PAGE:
|Publication number||US4727309 A|
|Application number||US 07/005,942|
|Publication date||Feb 23, 1988|
|Filing date||Jan 22, 1987|
|Priority date||Jan 22, 1987|
|Publication number||005942, 07005942, US 4727309 A, US 4727309A, US-A-4727309, US4727309 A, US4727309A|
|Inventors||Branislav Vajdic, Stephen L. Smith|
|Original Assignee||Intel Corporation|
|Export Citation||BiBTeX, EndNote, RefMan|
|Patent Citations (3), Referenced by (95), Classifications (7), Legal Events (4)|
|External Links: USPTO, USPTO Assignment, Espacenet|
1. Field of the invention
The present invention relates to a field of solid state current sources.
2. Related Application
The present application is related to a copending U.S. patent application Ser. No. 005,941, filed Jan. 22, 1984, entitled "Current Controlled Solid State Switch" and is incorporated herein by reference to provide a teaching of operating conditions encountered by MOS transistors and examples of certain applications.
3. Prior Art
In the design of solid state circuits and devices utilizing MOS technology, a stable current source is a necessary requirement in many applications. For a current source to be ideal, it must be independent of operating condition variations, such as changes in temperature, supply voltage, device parameter variations and etc. Although complex circuits can be designed to provide such a stable current source, economics or physical constraints may present prohibitive constraints.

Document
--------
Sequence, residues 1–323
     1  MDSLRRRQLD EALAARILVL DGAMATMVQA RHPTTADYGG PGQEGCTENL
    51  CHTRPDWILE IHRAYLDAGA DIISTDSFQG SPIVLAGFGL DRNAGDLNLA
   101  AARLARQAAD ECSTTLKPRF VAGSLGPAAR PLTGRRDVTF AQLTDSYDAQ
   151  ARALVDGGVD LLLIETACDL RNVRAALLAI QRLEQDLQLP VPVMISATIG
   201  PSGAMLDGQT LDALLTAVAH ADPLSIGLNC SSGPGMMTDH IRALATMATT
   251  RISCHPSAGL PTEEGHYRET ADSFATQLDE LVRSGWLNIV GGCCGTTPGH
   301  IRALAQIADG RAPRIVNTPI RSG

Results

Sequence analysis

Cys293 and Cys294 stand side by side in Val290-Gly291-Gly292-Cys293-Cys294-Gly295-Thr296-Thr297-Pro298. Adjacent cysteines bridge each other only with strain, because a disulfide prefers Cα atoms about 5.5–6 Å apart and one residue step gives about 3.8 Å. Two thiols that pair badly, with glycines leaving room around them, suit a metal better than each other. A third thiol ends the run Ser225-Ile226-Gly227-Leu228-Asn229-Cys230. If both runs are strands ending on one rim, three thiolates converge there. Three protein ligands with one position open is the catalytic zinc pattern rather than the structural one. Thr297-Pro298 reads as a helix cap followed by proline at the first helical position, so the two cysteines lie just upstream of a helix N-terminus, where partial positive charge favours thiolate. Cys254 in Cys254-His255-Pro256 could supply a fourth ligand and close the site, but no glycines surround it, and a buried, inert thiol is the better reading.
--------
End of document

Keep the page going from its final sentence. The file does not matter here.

A typical MOS transistor operating in the saturation region is a simple form of a current source. However, a transistor is susceptible to operating condition changes, including its own process variations. These changes will result in the transistor sourcing higher current as temperature decreases, supply voltage increases or process variations causing the transistor to operate in the higher saturation current region. The problem is compounded when all extreme conditions occur simultaneously.
It is appreciated that what is needed is a simply designed current source which is compensated to provide a stable and desired output even as operating conditions change.
The present invention provides for an apparatus and a method for providing a compensated current source. Two current sources are used wherein the compensated current is derived from the difference of the two current sources. These two current sources can have different responses to changes in operating conditions.
An embodiment of the present invention uses MOS transistors as current sources. A first and second transistor are coupled in series and a third transistor representing the compensated current source is coupled in parallel to the second transistor, such that the current flow through the third transistor is determined by the difference of the first and second transistors currents.
A resistor is used in one embodiment and a transistor in another to provide feedback to one of the current sources so that the first and second transistors will have slightly different characteristics to provide the difference current for the compensated current. In another embodiment, the difference current is made to have a reverse compensation effect, wherein the slope of the response characteristic of the compensated current is opposite to that of a typical MOS transistor.
A current mirror configuration is used to couple the third transistor to a fourth transistor. The third transistor operating as the driving transistor of the current mirror.
FIG. 1 is a graph showing various response characteristics showing MOS transistor current variations due to operating condition changes.
FIG. 2 is a graph of two MOS current source characteristic response showing current variations as operating condition changes and also showing a difference current.
FIG. 3 is a circuit schematic diagram showing a circuit implementation of the present invention.
FIG. 4 is an embodiment of the present invention wherein depletion type transistors are used for current sources A and B, a resistor is used as a feedback means.